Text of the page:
Part 2 of Chapter 1 of Perfect Girls, Starving Daughters
This section is a short history of eating disordrs.
You may ask if eating disorders are nothing new. Have they been along for a while? Really?
The famous French heroine Joan of Arc had anorexic tendencies. She starved herself to make a point, not because she was obsessed about her weight. Greek feasts involved bingeing and purging. This, however, was debauchery rather than bulimia.
However, during the 1870s, doctors in France and England were faced with a group of girls who rejected food altogether. The doctors were stumped over what to call this condition. Eventually, France won with the name “anorexia nervosa” which is used to this day.
The pictures that the doctors drew of these patients are eerie.
That was during the Victorian era. Perhaps it’s not surprising that that period marked the birth of modern eating disorders. Control and thinness were characteristics of wealth and beauty. Ladies had to be restrained (no screaming and running around. No indulgence! Eat daintily, don’t stuff yourself) and thin, with tiny corseted waists. Meat was considered carnal. The perfect lady had to be prim and proper. The picture on the right is an excellent example of one. Note the tiny waist.
These tiny waists were produced not merely by restraint in all things food, but with a corset, not unlike this antique corset.
The word “image” first appeared in American girls’ diaries in the 1920s. In this period, movies became an obsession. Actresses changed their identities and looks faster than people could keep up.
All the same, anorexia was not familiar until much later. Even in 1965, the term wasn’t used often. Eating disorders weren’t talked about. They weren’t normal. Strange. Rare. They were not seen as a disease but rather an exotic condition that only some different people got.
One of the first public memories related to this disorder is of the singer Karen Carpenter. By the fall of 1975, she only weighed 80 pounds. She collapsed on a Las Vegas stage and was diagnosed with anorexia nervosa. Carpenter died in 1983. It turned out that she had heart failure due to complications of the illness. Her heart was weak from the years of restriction, and a sudden weight gain of 30 pounds strained it further. The coroner gave the cause of death as “heartbeat irregularities brought on by chemical imbalances associated with anorexia nervosa.”
The 1980s was the era of fitness and food obsession, Martin continues. It was during this period that eating disorders became more common. The famous actress and fitness trainer Jane Fonda produced many fitness videos during this time. It was unknown that her fit body was the result of obsessive exercise… and… bulimia.
Back to the present. Eating disorders are nothing new, that’s true. But now they take an extreme form which is unique to this present age. It’s not just restricted to rich white women, but to anyone. Black women and Latina women have eating disorders. So do working class mothers.
At the same time, excessive exercising, plastic surgery addiction, and laxative abuse are common things. They’re no longer something that’s normal or not rare. Celebrities like Tara Reid are covered by the media. Diet and fitness, not wellness or authentic health, are upheld. Even Oprah is freaking out about her body. We’re conditioned to believe that the barrier between us and perfection is us.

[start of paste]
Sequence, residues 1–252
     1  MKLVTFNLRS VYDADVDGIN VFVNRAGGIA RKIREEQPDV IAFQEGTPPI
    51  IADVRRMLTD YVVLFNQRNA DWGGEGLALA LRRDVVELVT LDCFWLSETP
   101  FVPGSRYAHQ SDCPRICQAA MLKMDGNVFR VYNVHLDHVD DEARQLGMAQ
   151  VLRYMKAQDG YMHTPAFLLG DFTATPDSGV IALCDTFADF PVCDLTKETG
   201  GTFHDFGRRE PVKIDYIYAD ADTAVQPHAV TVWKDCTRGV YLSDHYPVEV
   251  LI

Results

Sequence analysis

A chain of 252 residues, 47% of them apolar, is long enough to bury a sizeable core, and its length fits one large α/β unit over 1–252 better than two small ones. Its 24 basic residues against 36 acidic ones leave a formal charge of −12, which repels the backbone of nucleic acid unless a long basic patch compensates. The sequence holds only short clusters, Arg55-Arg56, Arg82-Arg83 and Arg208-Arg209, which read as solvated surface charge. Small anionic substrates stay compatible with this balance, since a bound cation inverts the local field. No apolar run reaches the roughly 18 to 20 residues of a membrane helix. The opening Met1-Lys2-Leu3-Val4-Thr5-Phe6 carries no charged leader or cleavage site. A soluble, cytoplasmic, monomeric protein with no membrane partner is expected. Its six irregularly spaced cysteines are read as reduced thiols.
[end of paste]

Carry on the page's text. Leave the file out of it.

This is a very modern and dire epidemic. While this world professes to give more rights and powers to those who have been formerly oppressed and persecuted, this world is sicker and more broken. Oprah started a school to help African girls learn empowerment and skills for the working world. At the same time, she stresses out about her appearance and binge-eating episodes. Her person trainer, Bob Greene, once remarked that Oprah had never learned what it means to be happy.
We see our mothers, aunts, and sisters hate themselves and their bodies. We learned from them.
The cycle continues.
The 7 million diagnosed with eating disorders is merely the tip of the iceberg. This book is about that borderline behavior. The behavior that’s hard to diagnose, yet involves self-hatred and depression. It’s not normal. You were never meant to live this life full of self-hatred, sadness, obsession, and depression. This cycle is taking away from the quality of life that you could have. It’s taking away our freedom.
We’re not our bodies.
Marti talks about a friend who was asked how she was. “I’m fine, just feeling fat.”
“But how are you?” the therapist persisted.
“What do you mean? I already told you.”
Finally, he explained. Our bodies are not us. Bodies are only one aspect of who we are. We make the mistake of identifying ourselves with our bodies. That’s why we tell ourselves that life will be good once we lose the weight. The fact that we are not our bodies means that life will not improve.
To a lot of us, it doesn’t matter if we have a great spouse, a successful career, lovely friends, and a beautiful home. If we’re 5 pounds above the desired weight, we’re unhappy.
We’re cheating ourselves out of a full life. What’s the use of getting three degrees if you’re going to spend a chunk of your time obsessively thinking about the shape of your thighs? That’s too much time. We only have 24 hours a day. We could be bettering the world. We could be doing so much more.